The reason why serum is of benefit to the ocular surface is not entirely clear but probably owes its efficacy to the presence of factors such as EGF, vitamin A, acidic and basic FGF, fibronectin, nerve growth factor, substance P, antiproteases like α2 macroglobulin, and enhanced mucin expression due to the serum.7,30 Umbilical cord serum presumably has these factors in a higher concentration although a formal comparison of the exact levels of these factors in both the sera does not find a mention in the literature. The support for this presumption comes from the fact that umbilical cord serum has been used extensively as a source of stem cells in treating haematopoietic malignancies and fetal calf serum is used commonly for cell and tissue cultures.6–8 A complete analysis of the growth factors in both cord blood serum and autologous serum would have eliminated all speculation but could not be accomplished for lack of facilities.
Our findings corroborated our hypothesis as we found a significantly higher rate of healing in the cord serum group when measuring the areas and perimeters on serial photographs in an automated manner using the software Image Pro Plus, thereby eliminating all measure of human error and accounting for irregular healing patterns.11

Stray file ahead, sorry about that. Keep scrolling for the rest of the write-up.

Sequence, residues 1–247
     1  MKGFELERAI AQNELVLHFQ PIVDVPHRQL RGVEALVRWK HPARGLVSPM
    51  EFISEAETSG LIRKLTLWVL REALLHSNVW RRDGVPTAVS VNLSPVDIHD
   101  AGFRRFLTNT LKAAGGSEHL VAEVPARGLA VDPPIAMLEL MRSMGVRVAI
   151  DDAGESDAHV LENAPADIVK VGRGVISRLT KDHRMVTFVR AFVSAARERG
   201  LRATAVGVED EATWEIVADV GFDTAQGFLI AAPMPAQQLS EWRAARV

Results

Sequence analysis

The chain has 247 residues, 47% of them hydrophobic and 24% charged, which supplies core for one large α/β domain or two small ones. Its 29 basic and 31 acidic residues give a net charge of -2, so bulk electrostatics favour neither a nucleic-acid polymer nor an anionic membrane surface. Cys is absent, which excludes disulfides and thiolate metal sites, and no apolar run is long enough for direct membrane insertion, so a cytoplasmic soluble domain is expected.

The mechanism of action of umbilical cord serum is likely to be the same as that of autologous serum, the difference being probably a higher concentration of the growth factors, which may in fact stimulate a faster growth of stem cells and hence lead to a faster re-epithelialisation. Another important observation was that the epithelial defects increased in size over the first 3 days as evident from Table 44 (the ranges becoming negative). This biphasic response was similar to that reported by Dua et al.11 Despite a faster rate of healing in the umbilical cord serum group the median time to closure of the epithelial defects was less in the autologous serum group probably because the epithelial defects treated with cord serum showed a considerably larger increase in size initially when compared to those in the autologous serum group.